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This Solar Farm In China Is Shaped Like A Panda

Because, who doesn’t love giant pandas?!

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China is known for their national treasure: the giant panda, which is why you can find pretty much everything designed to be like pandas, from hair clips to slippers. A Chinese energy company is also following suit as they plan to build 100 solar farms shaped like giant pandas along the route of the Belt and Road initiative. The Belt and Road initiative is a plan that emulates the ancient Silk Road by opening new trade corridors around the world by using roads, power lines, ports and energy pipelines.

Panda Green Energy Group has already completed and connected one solar farm with this theme. It’s a 50 megawatt plant that’s connected to the grid in the northern province of Shanxi. This is the first step as a public relations stunt which shows the sweet and cuddly side of China.

By making use of darker crystalline silicon and combining them with lighter colored thin film solar cells, the company was able to create solar plant that resembles a cartoon giant panda from the air.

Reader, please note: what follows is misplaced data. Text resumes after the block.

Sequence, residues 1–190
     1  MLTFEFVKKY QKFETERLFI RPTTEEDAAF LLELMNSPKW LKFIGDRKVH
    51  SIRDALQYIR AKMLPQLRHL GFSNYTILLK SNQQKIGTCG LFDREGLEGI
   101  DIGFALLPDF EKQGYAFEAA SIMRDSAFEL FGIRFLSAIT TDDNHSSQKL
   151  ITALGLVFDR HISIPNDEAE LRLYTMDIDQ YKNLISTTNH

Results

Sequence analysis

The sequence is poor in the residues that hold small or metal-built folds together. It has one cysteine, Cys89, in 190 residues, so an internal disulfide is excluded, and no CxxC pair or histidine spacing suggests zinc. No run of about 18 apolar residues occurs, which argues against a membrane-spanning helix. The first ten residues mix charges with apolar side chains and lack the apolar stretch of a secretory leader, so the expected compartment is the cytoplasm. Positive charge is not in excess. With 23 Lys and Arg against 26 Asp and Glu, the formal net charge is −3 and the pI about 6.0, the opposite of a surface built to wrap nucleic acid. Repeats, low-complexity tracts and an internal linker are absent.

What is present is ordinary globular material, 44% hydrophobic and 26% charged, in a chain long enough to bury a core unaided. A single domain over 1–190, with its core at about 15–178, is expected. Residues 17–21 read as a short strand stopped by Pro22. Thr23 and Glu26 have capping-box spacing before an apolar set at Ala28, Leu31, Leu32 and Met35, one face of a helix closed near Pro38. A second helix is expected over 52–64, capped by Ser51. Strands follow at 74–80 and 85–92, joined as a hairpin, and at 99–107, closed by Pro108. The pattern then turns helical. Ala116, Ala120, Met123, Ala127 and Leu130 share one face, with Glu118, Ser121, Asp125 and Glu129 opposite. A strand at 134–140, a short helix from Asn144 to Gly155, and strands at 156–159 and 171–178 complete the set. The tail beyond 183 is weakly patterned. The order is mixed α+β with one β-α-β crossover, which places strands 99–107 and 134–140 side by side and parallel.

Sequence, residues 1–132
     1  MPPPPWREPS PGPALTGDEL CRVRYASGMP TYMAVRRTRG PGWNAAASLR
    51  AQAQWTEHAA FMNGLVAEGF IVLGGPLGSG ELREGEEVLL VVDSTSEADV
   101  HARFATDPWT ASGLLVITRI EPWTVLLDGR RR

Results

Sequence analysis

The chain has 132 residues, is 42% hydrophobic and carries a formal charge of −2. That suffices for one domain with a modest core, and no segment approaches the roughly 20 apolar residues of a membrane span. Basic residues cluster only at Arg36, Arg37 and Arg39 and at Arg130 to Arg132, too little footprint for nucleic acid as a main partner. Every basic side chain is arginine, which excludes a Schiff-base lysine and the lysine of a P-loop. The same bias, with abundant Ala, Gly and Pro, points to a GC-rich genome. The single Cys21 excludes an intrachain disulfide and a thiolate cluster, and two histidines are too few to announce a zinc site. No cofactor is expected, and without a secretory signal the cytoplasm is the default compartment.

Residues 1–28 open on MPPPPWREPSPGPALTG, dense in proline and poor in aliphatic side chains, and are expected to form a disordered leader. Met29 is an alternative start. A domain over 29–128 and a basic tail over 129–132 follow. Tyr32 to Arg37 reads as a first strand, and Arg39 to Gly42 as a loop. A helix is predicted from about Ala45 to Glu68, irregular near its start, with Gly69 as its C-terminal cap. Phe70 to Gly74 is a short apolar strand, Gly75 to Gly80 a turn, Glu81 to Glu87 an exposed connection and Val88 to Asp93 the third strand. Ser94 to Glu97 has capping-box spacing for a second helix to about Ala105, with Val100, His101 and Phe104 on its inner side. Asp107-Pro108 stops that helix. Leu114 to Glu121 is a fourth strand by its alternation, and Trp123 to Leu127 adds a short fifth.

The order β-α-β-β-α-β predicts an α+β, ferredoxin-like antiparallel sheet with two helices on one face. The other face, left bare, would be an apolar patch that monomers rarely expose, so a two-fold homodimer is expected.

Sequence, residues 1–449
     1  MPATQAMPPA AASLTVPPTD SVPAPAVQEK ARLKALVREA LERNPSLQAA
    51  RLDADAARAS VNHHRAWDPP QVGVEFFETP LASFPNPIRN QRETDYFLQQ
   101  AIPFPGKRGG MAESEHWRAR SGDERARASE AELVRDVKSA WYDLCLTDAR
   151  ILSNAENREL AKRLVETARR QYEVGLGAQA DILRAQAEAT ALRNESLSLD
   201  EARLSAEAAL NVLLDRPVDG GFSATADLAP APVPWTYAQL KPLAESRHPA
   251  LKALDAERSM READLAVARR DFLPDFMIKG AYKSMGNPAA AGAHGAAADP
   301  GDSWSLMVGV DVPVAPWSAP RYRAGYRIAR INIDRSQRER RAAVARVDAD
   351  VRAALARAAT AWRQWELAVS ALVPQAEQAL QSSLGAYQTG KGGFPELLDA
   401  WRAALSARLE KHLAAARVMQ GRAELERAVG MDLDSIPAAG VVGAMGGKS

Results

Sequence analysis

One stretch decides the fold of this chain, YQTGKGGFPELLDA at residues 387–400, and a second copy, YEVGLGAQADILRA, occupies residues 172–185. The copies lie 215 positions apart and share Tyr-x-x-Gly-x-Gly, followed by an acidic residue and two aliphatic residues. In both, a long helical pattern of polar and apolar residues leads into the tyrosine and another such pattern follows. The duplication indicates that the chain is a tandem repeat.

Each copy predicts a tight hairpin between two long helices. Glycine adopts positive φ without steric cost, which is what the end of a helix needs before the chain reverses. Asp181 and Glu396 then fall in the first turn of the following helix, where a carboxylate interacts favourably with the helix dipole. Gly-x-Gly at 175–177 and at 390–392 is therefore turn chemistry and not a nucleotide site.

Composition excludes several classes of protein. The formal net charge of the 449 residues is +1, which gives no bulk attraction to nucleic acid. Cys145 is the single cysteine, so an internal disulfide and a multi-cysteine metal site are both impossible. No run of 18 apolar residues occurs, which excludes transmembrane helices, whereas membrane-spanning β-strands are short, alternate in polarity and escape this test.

Source: Tellmenothing

“The plant required an investment of 350 million yuan ($52 million), and it would require investment of $3 billion for 100 such plants,” Panda Green Energy’s Chief Executive Li Yuan said in an interview with Reuters.

The Hong Kong-based company is currently coordinating with Canada, Australia, Germany and Italy to create more panda-shaped power stations.

According to the company, one 100 megawatt panda power plant is expected to generate 3.2 billion kilowatt hours of energy over the course of 25 years. It is capable of supplying power over 10,000 households annualy.

Currently, Panda Green Energy is constructing their second panda-shaped power plant in Shanxi, which accounts for one-fourth of China’s coal reserves. The company said that by using one panda solar power plant will save an equivalent total of 1.06 million tonnes of coal, and will cut emissions of greenhouse gases by 2.74 million tonnes in 25 years. They have been investing and running solar power plants in China’s major solar hubs like in Xinjiang and Qinghai province, also some solar projects in Britain. Shanxi has plans of installing 12 gigawatts of solar capacity by 2020 which is far greater than the 1.13 gigawatts installed in 2015.


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